Colorado uses an automated, administrative process to intercept workers’ compensation benefits for non-custodial parents owing child support. (State statute exempts permanent partial disability benefits.) The IV-D agency conducts daily matches with the state Department of Labor and Employment to identify obligors who are receiving benefits and immediately sends a benefit attachment to the insurance company, with a copy to the non-custodial parent. About $1,020,000 was collected from the program since its implementation in April 1995 through 1996. No cost/benefit analysis has been completed. The state’s previous system had required counties to go to court to seize workers’ compensation benefits of delinquent parents. Contact Anita DeVargas Field, supervisor of the state enforcement unit of Colorado’s Division of Child Support Enforcement, at (303) 866-5994.


"Administrative Enforcement Remedies of the Massachusetts Department of Revenue Child Support Enforcement Division," Massachusetts Department of Revenue. August 1995. Contact DOR at (617) 577-7200.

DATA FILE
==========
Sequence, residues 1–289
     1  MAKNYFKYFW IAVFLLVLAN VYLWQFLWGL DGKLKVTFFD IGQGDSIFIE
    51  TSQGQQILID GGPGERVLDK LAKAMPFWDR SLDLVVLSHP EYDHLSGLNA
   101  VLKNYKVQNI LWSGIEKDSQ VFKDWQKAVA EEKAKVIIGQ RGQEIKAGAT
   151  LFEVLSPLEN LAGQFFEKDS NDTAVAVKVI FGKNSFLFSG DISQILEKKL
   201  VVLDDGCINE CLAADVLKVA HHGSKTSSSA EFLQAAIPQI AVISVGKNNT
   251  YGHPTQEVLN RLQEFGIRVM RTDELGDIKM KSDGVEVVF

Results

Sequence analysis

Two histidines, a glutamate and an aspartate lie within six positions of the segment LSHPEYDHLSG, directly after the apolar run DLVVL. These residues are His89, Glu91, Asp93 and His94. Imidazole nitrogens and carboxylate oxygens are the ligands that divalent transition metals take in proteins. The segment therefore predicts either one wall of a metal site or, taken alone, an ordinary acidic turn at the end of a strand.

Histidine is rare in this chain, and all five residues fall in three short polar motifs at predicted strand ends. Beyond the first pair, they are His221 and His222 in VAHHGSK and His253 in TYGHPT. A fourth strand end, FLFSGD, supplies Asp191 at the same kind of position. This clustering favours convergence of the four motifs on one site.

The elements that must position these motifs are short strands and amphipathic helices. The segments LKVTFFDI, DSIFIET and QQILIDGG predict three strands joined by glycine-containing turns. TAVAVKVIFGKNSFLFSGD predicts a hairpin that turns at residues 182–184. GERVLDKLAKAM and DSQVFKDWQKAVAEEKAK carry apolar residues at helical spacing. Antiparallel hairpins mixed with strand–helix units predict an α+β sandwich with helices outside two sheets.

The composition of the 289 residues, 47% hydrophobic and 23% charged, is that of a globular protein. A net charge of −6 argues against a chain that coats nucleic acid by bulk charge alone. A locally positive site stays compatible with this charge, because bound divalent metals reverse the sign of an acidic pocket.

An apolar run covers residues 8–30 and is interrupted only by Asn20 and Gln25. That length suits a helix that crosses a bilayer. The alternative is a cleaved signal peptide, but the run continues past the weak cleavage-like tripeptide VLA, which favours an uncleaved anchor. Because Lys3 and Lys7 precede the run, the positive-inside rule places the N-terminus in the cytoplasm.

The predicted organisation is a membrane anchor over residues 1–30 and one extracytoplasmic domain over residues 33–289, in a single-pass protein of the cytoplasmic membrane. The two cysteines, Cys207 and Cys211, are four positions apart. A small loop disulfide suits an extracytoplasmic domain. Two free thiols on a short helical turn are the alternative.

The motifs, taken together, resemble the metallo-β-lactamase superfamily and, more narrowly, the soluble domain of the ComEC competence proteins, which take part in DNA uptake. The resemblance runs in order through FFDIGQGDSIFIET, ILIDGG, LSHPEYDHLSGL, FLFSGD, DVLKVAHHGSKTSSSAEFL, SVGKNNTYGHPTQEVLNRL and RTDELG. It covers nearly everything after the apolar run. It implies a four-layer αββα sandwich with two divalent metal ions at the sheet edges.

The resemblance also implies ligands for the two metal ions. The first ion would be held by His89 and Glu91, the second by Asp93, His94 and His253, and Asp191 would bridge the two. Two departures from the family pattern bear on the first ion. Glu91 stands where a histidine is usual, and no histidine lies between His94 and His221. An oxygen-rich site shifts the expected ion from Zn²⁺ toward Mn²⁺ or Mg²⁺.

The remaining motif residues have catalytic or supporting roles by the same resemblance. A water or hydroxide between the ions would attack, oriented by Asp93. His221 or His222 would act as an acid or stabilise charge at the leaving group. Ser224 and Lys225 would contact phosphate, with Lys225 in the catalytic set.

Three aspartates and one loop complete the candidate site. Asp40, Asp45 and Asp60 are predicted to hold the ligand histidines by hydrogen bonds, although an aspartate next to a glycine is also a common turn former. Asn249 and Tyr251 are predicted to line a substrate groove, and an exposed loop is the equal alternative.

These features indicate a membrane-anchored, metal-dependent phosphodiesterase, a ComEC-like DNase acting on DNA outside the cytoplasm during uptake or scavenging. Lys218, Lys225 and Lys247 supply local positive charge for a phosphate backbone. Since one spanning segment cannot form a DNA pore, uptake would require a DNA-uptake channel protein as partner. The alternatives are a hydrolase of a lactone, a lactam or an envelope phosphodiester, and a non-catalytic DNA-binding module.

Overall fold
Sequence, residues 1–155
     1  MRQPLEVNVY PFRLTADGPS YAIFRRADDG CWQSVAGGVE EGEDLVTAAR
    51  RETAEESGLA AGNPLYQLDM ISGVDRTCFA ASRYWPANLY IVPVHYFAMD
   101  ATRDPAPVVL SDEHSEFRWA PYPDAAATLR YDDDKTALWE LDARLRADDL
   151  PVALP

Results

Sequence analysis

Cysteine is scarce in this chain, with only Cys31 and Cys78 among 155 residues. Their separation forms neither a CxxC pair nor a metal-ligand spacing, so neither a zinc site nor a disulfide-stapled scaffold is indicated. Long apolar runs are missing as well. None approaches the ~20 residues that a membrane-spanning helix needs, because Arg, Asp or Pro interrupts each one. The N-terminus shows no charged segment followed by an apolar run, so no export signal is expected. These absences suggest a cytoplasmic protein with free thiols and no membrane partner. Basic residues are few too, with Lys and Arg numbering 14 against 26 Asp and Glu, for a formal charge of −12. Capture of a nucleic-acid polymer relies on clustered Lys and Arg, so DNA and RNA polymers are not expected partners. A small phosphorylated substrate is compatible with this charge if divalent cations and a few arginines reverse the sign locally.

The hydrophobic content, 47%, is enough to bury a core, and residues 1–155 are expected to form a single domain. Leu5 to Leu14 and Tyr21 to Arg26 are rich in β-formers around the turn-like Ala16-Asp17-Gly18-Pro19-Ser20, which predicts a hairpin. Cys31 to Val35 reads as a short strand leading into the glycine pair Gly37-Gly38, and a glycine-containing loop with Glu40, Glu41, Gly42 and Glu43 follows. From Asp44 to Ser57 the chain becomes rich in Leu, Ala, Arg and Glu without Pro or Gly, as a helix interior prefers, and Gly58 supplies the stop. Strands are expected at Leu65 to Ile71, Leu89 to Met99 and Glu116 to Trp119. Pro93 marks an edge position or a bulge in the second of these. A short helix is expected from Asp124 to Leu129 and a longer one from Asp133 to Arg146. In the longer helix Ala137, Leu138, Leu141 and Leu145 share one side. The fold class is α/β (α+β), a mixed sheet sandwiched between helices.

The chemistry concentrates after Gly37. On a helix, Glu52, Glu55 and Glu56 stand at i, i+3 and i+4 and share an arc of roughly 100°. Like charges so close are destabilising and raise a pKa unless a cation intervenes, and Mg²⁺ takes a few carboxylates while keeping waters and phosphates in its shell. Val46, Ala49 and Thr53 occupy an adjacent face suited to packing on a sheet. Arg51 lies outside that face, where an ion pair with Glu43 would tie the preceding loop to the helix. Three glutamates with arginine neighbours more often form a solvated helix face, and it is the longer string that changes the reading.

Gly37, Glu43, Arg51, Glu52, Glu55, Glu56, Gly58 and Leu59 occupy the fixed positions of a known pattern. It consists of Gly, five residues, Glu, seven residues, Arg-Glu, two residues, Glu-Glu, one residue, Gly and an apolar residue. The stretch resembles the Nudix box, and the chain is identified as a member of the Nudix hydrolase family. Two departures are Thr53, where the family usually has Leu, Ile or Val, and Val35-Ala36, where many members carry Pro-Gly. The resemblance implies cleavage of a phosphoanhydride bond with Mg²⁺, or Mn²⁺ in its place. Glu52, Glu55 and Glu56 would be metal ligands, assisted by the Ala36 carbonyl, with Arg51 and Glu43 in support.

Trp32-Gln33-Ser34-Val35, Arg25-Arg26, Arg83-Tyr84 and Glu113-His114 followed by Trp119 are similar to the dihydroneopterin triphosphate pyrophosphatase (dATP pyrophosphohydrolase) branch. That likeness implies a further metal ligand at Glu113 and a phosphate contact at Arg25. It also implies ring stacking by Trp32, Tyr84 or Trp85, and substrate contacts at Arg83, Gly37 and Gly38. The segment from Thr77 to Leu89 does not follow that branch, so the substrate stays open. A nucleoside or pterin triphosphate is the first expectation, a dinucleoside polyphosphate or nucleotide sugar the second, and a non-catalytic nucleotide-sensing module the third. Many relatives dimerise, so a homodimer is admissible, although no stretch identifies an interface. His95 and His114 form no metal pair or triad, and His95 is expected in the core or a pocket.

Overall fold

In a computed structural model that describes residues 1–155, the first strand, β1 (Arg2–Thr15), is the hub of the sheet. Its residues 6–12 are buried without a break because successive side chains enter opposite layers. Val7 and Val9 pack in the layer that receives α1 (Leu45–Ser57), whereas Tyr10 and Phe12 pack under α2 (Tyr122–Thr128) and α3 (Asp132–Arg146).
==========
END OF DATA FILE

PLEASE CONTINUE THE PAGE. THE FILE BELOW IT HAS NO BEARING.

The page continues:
American Payroll Association. Contact Rita Zeidner at (202) 682-4785.

"Child Support Enforcement: Credit Bureau Reporting Shows Promise," General Accounting Office (GAO). June 1994. GAO/HEHS-94-175. Contact GAO at (202) 512-6000.

"A Guide About Child Support Enforcement for Credit Grantors," OCSE. November 1988. Contact the OCSE National Reference Center at (202) 252-5430.

"OCSE Information Exchange: Immediate W-4/Employer Reporting of New Hires," December 1996. See:

"15 Facts on Employer New Hire Reporting Child Support Enforcement: A Compilation of Evidence and Experience from the States." Prepared by SRA International Inc. for OCSE. Contact Karen Bartlett at OCSE’s Division of Program Operations at (202) 401-4630.

"Compendium of State Best Practices," chapters on enforcement and new hires reporting. OCSE. See "General Publications" in this Issue Note.

Enforcement of Orders Against Grandparents

Under the federal welfare reform law, states are allowed – but not required – to enforce child support orders against the parents of a minor who is the non-custodial parent of a child if the teenage, custodial parent is receiving TANF benefits. Arizona, Hawaii, Ohio, South Dakota, Wisconsin and the Virgin Islands already have laws holding grandparents responsible for children born to teen parents, but these laws are not seen as an important tool for increasing collections. A South Dakota official noted that the legislature had wanted the law to "send a message" about teaching teenagers about parental responsibility, and the IV-D agency has never used it to pursue child support from grandparents.